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Title: Reverse engieering gene regulatory networks : elucidation of trancriptome organization, gene function and gene regulation in mammalian systems
Author: Belcastro, Vincenzo
ISNI:       0000 0004 2704 9437
Awarding Body: Open University
Current Institution: Open University
Date of Award: 2011
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The main aim of this thesis was to infer mammalian gene regulatory networks from tens of thousands gene expression profiles via a new "reverse-engineering" approach. Human arid Mouse gene regulatory networks were both inferred and the results collected in a database that represents part of the non-written material that will support. the thesis (http: //rretview. tigem. it). Each gene regulatory network consists of a set of gene pairs (connections) and a score based on Mutual Information, which states their statistical dependence. The inferred connections are organized into a network that allows exploration of the global features of gene regulation in a mammalian cell. We collected a massive and heterogeneous dataset of 22,255 gene expression profiles from a variety of human samples and experimental conditions. We developed a new mutual-information (MI) reverse-engineering approach able to quantify the extent to which the mRNA levels of two genes are related to each other across such a complex dataset. The resulting network consists of 4,817,629 connections among 22,255 transcripts. The inferred connections were compared against known protein-protein and other regulatory interactions to assess their biological significance. We experimentally identified a subset of predicted protein-protein interactions not previously described in the literature. We discovered regulatory modules within the network, consisting of genes strongly connected to each other, which carry out specific biological functions. We found that these connected genes tend to be in physical proximity at the chromatin level in the nucleus. We show that the network can be used to predict the biological function and subcellular localization of a protein, and to elucidate the function of a disease-gene. Specifically we discovered that the gene granulin precursor GRN), whose mutations cause frontotemporal lobar degeneration, is involved in lysosome function. We have developed an online tool ( for querying and exploring the gene regulatory network.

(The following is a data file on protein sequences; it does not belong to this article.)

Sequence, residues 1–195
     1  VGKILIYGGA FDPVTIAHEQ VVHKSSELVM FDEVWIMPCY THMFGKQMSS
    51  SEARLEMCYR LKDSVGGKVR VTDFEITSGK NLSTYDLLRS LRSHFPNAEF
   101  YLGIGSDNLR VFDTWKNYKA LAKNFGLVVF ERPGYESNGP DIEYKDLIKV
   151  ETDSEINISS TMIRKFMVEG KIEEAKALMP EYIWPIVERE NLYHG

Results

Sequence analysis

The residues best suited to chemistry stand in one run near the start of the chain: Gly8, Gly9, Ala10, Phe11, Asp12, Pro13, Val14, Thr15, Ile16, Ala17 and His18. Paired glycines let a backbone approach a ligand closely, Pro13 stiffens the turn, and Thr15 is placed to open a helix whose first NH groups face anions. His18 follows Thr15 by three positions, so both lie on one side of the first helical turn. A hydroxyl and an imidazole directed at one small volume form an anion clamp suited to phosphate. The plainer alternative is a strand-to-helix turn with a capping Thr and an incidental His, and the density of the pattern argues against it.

Supervisor: Not available Sponsor: Not available
Qualification Name: Thesis (Ph.D.) Qualification Level: Doctoral